Parameter and value naming conventions

If you are coming to F# from an imperative language such as C#, then you might find a lot of the names shorter and more cryptic than you are used to.

In C# and Java, the best practice is to have long descriptive identifiers. In functional languages, the function names themselves can be descriptive, but the local identifiers inside a function tend to be quite short, and piping and composition is used a lot to get everything on a minimal number of lines.

For example, here is a crude implementation of a prime number sieve with very descriptive names for the local values.

let primesUpTo n = 
    // create a recursive intermediate function
    let rec sieve listOfNumbers  = 
        match listOfNumbers with 
        | [] -> []
        | primeP::sievedNumbersBiggerThanP-> 
            let sievedNumbersNotDivisibleByP = 
                |> List.filter (fun i-> i % primeP > 0)
            //recursive part
            let newPrimes = sieve sievedNumbersNotDivisibleByP
            primeP :: newPrimes
    // use the sieve
    let listOfNumbers = [2..n]
    sieve listOfNumbers     // return

primesUpTo 100

Here is the same implementation, with terser, idiomatic names and more compact code:

let primesUpTo n = 
   let rec sieve l  = 
      match l with 
      | [] -> []
      | p::xs -> 
            p :: sieve [for x in xs do if (x % p) > 0 then yield x]
   [2..n] |> sieve

The cryptic names are not always better, of course, but if the function is kept to a few lines and the operations used are standard, then this is a fairly common idiom.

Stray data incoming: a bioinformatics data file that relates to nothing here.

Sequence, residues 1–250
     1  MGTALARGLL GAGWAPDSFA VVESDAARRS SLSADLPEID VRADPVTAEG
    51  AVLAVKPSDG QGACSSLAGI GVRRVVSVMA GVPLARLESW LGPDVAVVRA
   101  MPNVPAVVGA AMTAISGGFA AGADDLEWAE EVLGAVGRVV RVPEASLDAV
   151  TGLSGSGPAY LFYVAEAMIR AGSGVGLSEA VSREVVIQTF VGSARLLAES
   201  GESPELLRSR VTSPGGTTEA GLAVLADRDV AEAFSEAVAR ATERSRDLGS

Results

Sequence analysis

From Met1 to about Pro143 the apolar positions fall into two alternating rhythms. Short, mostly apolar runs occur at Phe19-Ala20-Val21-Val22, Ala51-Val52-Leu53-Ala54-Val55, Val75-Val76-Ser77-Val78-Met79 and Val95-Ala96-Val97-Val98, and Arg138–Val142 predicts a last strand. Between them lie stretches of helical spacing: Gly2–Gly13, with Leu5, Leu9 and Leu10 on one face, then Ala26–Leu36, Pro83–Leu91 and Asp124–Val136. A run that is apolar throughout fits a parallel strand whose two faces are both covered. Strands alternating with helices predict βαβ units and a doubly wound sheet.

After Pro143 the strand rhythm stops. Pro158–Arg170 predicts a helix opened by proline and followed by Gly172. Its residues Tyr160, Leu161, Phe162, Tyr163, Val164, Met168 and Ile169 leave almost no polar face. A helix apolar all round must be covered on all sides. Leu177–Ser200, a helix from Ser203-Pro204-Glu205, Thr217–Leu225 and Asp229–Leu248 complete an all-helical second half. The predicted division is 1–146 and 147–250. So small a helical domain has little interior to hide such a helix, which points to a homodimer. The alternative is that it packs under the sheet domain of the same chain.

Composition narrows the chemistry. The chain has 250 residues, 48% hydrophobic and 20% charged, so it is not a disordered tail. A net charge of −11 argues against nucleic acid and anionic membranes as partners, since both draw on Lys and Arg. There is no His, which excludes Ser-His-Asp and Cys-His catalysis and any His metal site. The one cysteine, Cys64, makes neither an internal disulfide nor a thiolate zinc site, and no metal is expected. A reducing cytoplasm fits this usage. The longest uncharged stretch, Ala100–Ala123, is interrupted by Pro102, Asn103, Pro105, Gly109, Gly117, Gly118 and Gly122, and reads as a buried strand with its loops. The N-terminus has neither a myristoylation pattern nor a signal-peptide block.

The common naming conventions are as follows:

  • "a", "b", "c" etc., are types
  • "f", "g", "h" etc., are functions
  • "x", "y", "z" etc., are arguments to the functions
  • Lists are indicated by adding an "s" suffix, so that "xs" is a list of x's, "fs" is a list of functions, and so on. It is extremely common to see "x::xs" meaning the head (first element) and tail (the remaining elements) of a list.
  • "" is used whenever you don't care about the value. So "`x::" means that you don't care about the rest of the list, and "let f _ = something" means you don't care about the argument tof`.

Another reason for the short names is that often, they cannot be assigned to anything meaningful. For example, the definition of the pipe operator is:

let (|>) x f = f x

We don't know what f and x are going to be, f could be any function and x could be any value. Making this explicit does not make the code any more understandable.

let (|>) aValue aFunction = aFunction aValue // any better?

The style used on this site

On this site I will use both styles. For the introductory series, when most of the concepts are new, I will use a very descriptive style, with intermediate values and long names. But in more advanced series, the style will become terser.

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